Let Cinematica guide you towards the most age-appropriate entertainment for your little ones (with the help of the Dominion-Post’s Graeme Tuckett). Also featuring an extract from the special Light House Cinema Q&A with Lloyd Jones, author of the novel that inspired Mr. Pip.
Update: I have some confirmed circulation figures from the paper itself. Even more depressing.
We interrupt normal — slightly stuttery — programming to bring you news of some changes in the Wellington media scene that might have an impact on the content that you see here.
The Capital Times newspaper will be ceasing publication on — I think — 10 April. The reviews that I re-publish here were all written for them and it is their Monday morning deadlines that I meet every week. Broader discussion of the impact on Wellington’s local media — it leaves only Fishhead as an independent print publication serving the city — and trends in traditional versus digital media in the struggle for advertising yadda yadda, will be better off elsewhere, but the impact on me personally? That belongs here.
The first question is simply “to be or not to be”. The Capital Times is a recognised Wellington media institution with a decent circulation and a large audience. I was told that they print over
15,000 20,000 copies each week and the readership is estimated at between 40,000 and as much as 60,000. That’s significant, and made it worthwhile for me to write for and for exhibitors and distributors to support me by giving me tickets, previews and screeners.
Following up on the 2009 surprise hit The Wrestler, Darren Aronofsky has offered us another film about people who destroy themselves for our entertainment — this time in the rarefied world of ballet. Tiny Natalie Portman is plucked from the chorus of the fictional but prestigious New York City Ballet for the dream role of the Swan in a hot new production. It’s the chance of a lifetime but her fragile psychology shows through in her performance even though her dancing is technically perfect. Maestro Vincent Cassel tries to reconstruct her — as you would a first year drama school student — while domineering stage mother Barbara Hershey is pushing back in the other direction. Something has to break and it does.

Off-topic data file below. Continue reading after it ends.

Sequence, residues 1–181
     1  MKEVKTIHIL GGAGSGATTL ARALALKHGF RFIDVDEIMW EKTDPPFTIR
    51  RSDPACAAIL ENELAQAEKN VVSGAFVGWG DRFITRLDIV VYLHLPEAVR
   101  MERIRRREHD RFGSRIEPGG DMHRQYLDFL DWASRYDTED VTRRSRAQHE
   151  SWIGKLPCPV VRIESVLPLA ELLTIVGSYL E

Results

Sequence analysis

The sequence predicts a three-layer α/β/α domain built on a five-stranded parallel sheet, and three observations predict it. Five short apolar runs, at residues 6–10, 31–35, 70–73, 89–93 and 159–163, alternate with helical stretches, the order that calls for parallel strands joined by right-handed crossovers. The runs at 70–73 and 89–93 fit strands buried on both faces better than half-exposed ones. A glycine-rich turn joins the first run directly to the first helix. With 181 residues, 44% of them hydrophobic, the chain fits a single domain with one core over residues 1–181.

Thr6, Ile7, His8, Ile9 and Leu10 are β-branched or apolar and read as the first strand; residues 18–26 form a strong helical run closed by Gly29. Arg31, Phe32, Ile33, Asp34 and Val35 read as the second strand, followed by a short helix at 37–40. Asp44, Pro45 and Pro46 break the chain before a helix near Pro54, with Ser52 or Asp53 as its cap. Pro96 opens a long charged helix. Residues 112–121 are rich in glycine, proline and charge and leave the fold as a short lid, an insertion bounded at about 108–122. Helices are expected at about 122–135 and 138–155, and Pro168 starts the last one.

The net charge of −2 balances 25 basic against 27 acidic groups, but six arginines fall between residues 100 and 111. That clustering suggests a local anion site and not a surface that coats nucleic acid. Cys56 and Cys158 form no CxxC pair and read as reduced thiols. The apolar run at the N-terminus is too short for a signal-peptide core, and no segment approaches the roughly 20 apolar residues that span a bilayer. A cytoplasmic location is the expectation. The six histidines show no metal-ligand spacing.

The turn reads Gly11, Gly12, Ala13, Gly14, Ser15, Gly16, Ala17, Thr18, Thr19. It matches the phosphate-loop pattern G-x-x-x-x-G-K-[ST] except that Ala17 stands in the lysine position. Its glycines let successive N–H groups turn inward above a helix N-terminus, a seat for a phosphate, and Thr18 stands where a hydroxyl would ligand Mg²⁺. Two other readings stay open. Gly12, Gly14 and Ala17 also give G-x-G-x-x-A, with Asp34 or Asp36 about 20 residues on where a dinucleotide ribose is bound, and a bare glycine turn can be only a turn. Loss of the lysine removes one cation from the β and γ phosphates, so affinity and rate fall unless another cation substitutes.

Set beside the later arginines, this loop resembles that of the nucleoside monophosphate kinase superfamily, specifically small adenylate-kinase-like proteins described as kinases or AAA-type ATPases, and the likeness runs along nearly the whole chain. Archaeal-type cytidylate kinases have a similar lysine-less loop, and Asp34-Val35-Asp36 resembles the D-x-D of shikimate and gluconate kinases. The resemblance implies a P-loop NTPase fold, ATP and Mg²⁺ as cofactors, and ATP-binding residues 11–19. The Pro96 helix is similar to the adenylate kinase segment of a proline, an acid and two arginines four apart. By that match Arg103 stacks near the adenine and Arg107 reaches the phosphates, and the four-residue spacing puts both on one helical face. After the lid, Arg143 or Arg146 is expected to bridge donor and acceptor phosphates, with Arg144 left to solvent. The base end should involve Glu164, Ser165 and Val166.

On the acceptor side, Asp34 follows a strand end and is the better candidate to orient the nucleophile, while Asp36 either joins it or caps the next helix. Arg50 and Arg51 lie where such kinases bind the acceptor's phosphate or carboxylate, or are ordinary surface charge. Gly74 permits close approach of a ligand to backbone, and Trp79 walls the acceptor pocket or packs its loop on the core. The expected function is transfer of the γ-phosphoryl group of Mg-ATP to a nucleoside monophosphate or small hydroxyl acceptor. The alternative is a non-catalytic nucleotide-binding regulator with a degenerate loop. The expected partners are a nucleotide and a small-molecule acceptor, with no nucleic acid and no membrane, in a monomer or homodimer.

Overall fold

Black Swan is exceptionally well made, beautiful and challenging to watch — and Portman’s performance is nothing short of amazing — but films that aspire to greatness need to be about something more than, you know, what they’re about and once I’d decoded was going on I couldn’t see enough under the surface to justify the hype.
I’m filling for Graeme Tuckett on Nine to Noon for the next few weeks. This morning Lynn Freeman and I discussed Wall Street: Money Never Sleeps, Despicable Me (and 3D generally) plus Tom Reilly’s Gordonia. That was a lot to squeeze in to just over 10 minutes so it got a little breathless.
Listen here or download from the link below:[audio:http://podcast.radionz.co.nz/ntn/ntn-20100923–1149-Film_Review-048.mp3]
While filling in for Graeme Tuckett on Radio New Zealand’s Nine to Noon film slot last Thursday, I casually mentioned that Daniel Craig had been cast as journalist Mikael Blomkvist in David Fincher’s forthcoming remake of The Girl With the Dragon Tattoo. With the collapse of Sam Mendes’ new Bond picture, Mr Craig has a franchise-sized gap in his schedule and I think he’s ideal casting to play the craggy crusader (originated by Michael Nyqvist in the Swedish films and a six part television series).
Harry Sloan, a media entrepreneur who once made $200m when a Scandinavian broadcasting business he was managing was taken public, was brought in as chairman of the studio. Sloan set about the substance of his work with enthusiasm, but he was also noted for his quirky habits. He arranged his office in the MGM building according to feng-shui principles and kept a selection of crystals in the screening room to improve energy flows – he even had his office telephone number changed, replacing all the fours with eights, a lucky number in China.